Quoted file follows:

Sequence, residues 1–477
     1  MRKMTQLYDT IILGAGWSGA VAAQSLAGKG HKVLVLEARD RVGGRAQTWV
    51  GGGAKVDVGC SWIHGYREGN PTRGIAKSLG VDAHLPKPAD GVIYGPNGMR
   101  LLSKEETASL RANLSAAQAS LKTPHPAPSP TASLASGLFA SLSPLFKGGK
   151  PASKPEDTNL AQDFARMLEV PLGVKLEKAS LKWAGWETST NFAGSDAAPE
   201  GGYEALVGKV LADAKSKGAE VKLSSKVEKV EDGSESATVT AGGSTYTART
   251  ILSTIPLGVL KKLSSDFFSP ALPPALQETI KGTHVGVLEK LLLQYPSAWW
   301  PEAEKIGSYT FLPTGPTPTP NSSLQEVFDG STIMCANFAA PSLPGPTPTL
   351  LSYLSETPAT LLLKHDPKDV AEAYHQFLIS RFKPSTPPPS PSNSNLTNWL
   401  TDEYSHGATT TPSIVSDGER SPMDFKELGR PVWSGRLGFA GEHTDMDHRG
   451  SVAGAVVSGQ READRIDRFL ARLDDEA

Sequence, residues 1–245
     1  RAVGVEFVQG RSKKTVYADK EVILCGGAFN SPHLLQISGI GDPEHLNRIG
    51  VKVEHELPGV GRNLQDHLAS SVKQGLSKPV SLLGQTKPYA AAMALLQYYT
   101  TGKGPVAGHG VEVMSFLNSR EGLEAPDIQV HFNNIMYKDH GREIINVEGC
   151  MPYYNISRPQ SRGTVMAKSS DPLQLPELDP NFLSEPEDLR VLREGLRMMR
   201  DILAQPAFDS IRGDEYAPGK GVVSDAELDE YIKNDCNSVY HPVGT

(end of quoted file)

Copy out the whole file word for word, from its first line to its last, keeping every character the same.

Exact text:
Sequence, residues 1–477
     1  MRKMTQLYDT IILGAGWSGA VAAQSLAGKG HKVLVLEARD RVGGRAQTWV
    51  GGGAKVDVGC SWIHGYREGN PTRGIAKSLG VDAHLPKPAD GVIYGPNGMR
   101  LLSKEETASL RANLSAAQAS LKTPHPAPSP TASLASGLFA SLSPLFKGGK
   151  PASKPEDTNL AQDFARMLEV PLGVKLEKAS LKWAGWETST NFAGSDAAPE
   201  GGYEALVGKV LADAKSKGAE VKLSSKVEKV EDGSESATVT AGGSTYTART
   251  ILSTIPLGVL KKLSSDFFSP ALPPALQETI KGTHVGVLEK LLLQYPSAWW
   301  PEAEKIGSYT FLPTGPTPTP NSSLQEVFDG STIMCANFAA PSLPGPTPTL
   351  LSYLSETPAT LLLKHDPKDV AEAYHQFLIS RFKPSTPPPS PSNSNLTNWL
   401  TDEYSHGATT TPSIVSDGER SPMDFKELGR PVWSGRLGFA GEHTDMDHRG
   451  SVAGAVVSGQ READRIDRFL ARLDDEA

Sequence, residues 1–245
     1  RAVGVEFVQG RSKKTVYADK EVILCGGAFN SPHLLQISGI GDPEHLNRIG
    51  VKVEHELPGV GRNLQDHLAS SVKQGLSKPV SLLGQTKPYA AAMALLQYYT
   101  TGKGPVAGHG VEVMSFLNSR EGLEAPDIQV HFNNIMYKDH GREIINVEGC
   151  MPYYNISRPQ SRGTVMAKSS DPLQLPELDP NFLSEPEDLR VLREGLRMMR
   201  DILAQPAFDS IRGDEYAPGK GVVSDAELDE YIKNDCNSVY HPVGT